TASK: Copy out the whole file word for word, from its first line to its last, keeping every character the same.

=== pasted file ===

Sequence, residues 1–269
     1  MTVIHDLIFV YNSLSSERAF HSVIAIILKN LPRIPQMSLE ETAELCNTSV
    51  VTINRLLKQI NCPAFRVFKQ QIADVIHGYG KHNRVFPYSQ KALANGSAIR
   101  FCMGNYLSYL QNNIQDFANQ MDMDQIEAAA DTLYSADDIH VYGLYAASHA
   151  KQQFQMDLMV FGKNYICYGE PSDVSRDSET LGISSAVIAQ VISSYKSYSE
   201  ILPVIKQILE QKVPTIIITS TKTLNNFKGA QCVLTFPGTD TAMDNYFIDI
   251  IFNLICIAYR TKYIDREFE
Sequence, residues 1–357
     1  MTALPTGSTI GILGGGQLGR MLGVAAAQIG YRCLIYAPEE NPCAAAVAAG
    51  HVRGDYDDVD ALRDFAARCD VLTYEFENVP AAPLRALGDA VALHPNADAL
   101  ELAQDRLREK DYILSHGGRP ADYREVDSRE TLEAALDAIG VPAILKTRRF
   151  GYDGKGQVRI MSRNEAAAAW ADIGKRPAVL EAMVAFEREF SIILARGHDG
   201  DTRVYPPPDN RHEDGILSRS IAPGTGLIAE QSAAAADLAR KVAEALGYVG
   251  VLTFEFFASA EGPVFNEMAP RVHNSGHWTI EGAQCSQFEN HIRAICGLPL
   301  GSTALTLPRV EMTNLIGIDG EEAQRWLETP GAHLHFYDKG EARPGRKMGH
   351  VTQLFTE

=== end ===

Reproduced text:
Sequence, residues 1–269
     1  MTVIHDLIFV YNSLSSERAF HSVIAIILKN LPRIPQMSLE ETAELCNTSV
    51  VTINRLLKQI NCPAFRVFKQ QIADVIHGYG KHNRVFPYSQ KALANGSAIR
   101  FCMGNYLSYL QNNIQDFANQ MDMDQIEAAA DTLYSADDIH VYGLYAASHA
   151  KQQFQMDLMV FGKNYICYGE PSDVSRDSET LGISSAVIAQ VISSYKSYSE
   201  ILPVIKQILE QKVPTIIITS TKTLNNFKGA QCVLTFPGTD TAMDNYFIDI
   251  IFNLICIAYR TKYIDREFE
Sequence, residues 1–357
     1  MTALPTGSTI GILGGGQLGR MLGVAAAQIG YRCLIYAPEE NPCAAAVAAG
    51  HVRGDYDDVD ALRDFAARCD VLTYEFENVP AAPLRALGDA VALHPNADAL
   101  ELAQDRLREK DYILSHGGRP ADYREVDSRE TLEAALDAIG VPAILKTRRF
   151  GYDGKGQVRI MSRNEAAAAW ADIGKRPAVL EAMVAFEREF SIILARGHDG
   201  DTRVYPPPDN RHEDGILSRS IAPGTGLIAE QSAAAADLAR KVAEALGYVG
   251  VLTFEFFASA EGPVFNEMAP RVHNSGHWTI EGAQCSQFEN HIRAICGLPL
   301  GSTALTLPRV EMTNLIGIDG EEAQRWLETP GAHLHFYDKG EARPGRKMGH
   351  VTQLFTE